The bitterness and sweetness balance of a beer is a complicated balance to achieve. While these two tastes are each perceived by different receptors on the tongue, the careful combination of these two create a balance. Too much sweetness without bitter will be perceived and cloying, and too much bitterness without sweetness will taste soapy. Yet balance these two perfectly on the teeter-tottering see-saw that is beer and the two will be better than either on its own.
Adding high dextrin malts like Caramel or Crystal malts will leave the beer with a higher final gravity. Steeping crystal malt after the mash will produce 25% less ferment-able sugars. (1) This not only give the beer a thicker mouth feel, but also adds to the final sweetness of the beer. High final gravity can also be achieved by mashing at higher temperatures. For every degree Fahrenheit above 155 the final attenuation of the beer is lowered about 2 percent. (2) In general 1%-2% is normal to add color to a beer. 5% will add noticeable sweetness and caramel taste. 10% can easily be too much if not balanced with hops, or keeping the Chlorine ions low.
On the bitterness side the most apparent factor is the hop level measured in IBU's. The bitterness from hops can easily be adjusted during the boil of the brewing processes by changing boil time and amount of the hops. After the wort has cooled, the gravity sample can be tasted and dry hops can be added to further adjust the flavor, but because the wort will be high in sugar content at this time it may be hard to judge if more bitterness is needed. Keeping the IBU’s around 20 will make most people happy although light beer drinkers may prefer less than eight. If less sulfates are in the brewing water the IBU value can be higher without tasting harsh.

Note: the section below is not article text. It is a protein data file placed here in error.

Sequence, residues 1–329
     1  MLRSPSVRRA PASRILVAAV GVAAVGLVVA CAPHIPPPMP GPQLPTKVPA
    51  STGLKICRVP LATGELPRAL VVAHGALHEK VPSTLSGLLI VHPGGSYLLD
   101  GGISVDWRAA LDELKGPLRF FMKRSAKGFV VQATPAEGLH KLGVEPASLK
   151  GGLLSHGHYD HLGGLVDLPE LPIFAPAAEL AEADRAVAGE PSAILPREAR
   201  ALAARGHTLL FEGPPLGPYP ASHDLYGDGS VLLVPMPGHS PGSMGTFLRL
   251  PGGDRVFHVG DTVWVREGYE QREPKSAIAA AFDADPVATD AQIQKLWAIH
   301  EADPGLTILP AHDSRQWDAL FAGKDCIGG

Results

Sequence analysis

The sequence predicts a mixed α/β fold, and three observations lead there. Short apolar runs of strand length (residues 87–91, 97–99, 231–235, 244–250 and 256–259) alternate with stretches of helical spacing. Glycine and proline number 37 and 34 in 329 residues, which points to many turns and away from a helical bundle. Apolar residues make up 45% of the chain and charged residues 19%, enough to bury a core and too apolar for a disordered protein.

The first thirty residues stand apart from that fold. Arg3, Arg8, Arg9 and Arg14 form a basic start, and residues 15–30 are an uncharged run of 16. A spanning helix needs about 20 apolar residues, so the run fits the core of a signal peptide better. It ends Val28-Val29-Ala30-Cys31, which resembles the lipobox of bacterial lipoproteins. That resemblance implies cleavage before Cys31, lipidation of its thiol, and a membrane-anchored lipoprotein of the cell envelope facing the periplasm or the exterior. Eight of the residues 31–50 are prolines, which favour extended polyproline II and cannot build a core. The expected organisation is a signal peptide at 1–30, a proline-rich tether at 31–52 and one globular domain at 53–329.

After fermentation is complete most of the sugar will have changed to alcohol. Higher alcohol content will mask some of the sweetness of the beer. Have you ever tasted a cocktail mix without the alcohol? They are extremely sweet, yet when the alcohol is added they taste much less sweet. The ABV to sweetness balance works it’s self out pretty well in beer because the alcohol content is directly proportional to the amount of sugar that is converted. So bigger beers have more final sugar, but also have more alcohol to balance it.
Before bottling the bitter sweet balance can be adjusted using salts. It's very easy to overdo it here. Remember these are called brewing SALTS, and if overused you will have beer that tastes … well… salty! One half a teaspoon of salt in a five gallon batch is normally plenty. Sulfates (SO4) will enhance the bitterness while chlorates (Cl) and sodium (Na) will enhance the sweetness. Sodium can often cause a metallic taste in the beer so common table salt (NaCl) is often not used in beer. There are a number of good sources online that can be found by searching for “brewing water chemistry.”
The final adjustment to balance is carbonation. The higher the volume of CO2 dissolved in the beer the more bitter the beer will taste. If you compare a flat soda to a carbonated soda the difference in taste is very apparent. Although CO2 content does play into the bitter sweet balance it is likely the least noticeable. Considering it for taste should be secondary to mouth feel and style.
Finding this balance can take time. If you are starting a recipe from scratch it is easy to miss your mark by a mile. If you start with a reliable recipe you are bound to get good results.
(1) See post from nilo on Homebrewtalk.com 03-09-2011, 11:55 PM http://www.homebrewtalk.com/
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